The first Pirates is a fairly straightforward adventure film. A perfectly manicured five act structure populated with an eclectic mix of eccentric oddballs and a layering of the supernatural in a manner similar to Spielberg’s own updated adventure flicks, the Indiana Jones movies. It probably would have been satisfactory if screenwriters Ted Elliott and Terry Rossio had taken an approach similar to Temple of Doom and Last Crusade and crafted another, wholly separate adventure for Jack Sparrow and the gang to embark on. But instead, Elliott and Rossio dove back into the original film and poked around in every corner and examined every throwaway line in order to reverse engineer a story with deep narrative and thematic ties to the original film while also expanding the world in which it takes place in ways that approach modern mythmaking. A story that sees our heroes wrestling with the burden of love, the relentless march of time, and the weight of immortality, all while squaring off against the Devil himself and something worse still. A series that begins with a character who is too hung up on propriety to confess his love to the woman who clearly loves him back and ends with this same character literally giving her his heart for safekeeping.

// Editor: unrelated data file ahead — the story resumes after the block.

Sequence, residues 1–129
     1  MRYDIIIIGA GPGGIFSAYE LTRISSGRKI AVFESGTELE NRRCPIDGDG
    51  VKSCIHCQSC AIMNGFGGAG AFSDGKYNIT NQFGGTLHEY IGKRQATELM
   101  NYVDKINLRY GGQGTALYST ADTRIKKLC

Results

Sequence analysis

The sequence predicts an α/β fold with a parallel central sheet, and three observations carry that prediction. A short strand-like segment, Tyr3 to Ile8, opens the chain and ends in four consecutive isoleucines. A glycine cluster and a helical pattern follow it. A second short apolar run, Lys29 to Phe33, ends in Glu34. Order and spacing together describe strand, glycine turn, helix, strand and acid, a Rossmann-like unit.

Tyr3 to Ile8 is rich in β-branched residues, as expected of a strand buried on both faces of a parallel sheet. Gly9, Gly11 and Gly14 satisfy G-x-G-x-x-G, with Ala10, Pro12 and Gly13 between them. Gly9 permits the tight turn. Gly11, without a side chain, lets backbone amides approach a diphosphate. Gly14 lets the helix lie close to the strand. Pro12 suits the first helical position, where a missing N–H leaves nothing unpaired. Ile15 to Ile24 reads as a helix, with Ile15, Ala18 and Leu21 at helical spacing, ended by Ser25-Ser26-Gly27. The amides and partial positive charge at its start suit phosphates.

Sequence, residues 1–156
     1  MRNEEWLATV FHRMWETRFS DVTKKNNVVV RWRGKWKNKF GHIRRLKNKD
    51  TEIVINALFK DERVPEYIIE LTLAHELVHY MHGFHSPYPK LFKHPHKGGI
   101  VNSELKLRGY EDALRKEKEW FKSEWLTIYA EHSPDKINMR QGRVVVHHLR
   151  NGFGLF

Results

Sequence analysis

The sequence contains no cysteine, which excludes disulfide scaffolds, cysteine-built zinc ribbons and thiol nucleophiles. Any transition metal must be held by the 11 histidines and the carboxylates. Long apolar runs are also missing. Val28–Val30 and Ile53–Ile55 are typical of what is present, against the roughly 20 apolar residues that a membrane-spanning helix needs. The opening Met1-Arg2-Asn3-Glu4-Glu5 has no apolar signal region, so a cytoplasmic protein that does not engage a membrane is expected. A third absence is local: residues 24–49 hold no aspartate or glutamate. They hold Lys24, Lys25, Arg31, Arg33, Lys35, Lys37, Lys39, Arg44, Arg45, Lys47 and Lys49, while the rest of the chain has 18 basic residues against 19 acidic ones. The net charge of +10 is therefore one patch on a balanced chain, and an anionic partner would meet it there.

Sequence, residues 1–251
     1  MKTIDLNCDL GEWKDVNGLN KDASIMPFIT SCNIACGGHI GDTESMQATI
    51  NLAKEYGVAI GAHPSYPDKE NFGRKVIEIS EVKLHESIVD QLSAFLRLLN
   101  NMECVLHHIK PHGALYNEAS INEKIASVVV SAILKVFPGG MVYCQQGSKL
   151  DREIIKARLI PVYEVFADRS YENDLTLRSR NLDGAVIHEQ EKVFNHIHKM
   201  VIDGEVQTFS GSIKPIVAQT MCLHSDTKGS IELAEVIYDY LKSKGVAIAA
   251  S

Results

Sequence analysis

But I’m getting ahead of myself.
The Pirates sequels were not received well upon their release, and time only seems to have cemented the popular disdain for them. Even those who will concede the merits of the first film tend to hold up its sequels alongside the likes of Transformers as monoliths of bloated, incoherent, blockbuster trash. To be perfectly honest, I once fell in line with this axiomatic thinking. Having not revisited them since their initial release, their merits began to fade from memory while the negative popular consensus became cemented as truth. It wasn’t until I returned to this trilogy prior to the release of the fourth film in 2011 (which may as well not exist for the purposes of this essay) that I found myself falling head-over-heels for these weird, ambitious, wildly imperfect films.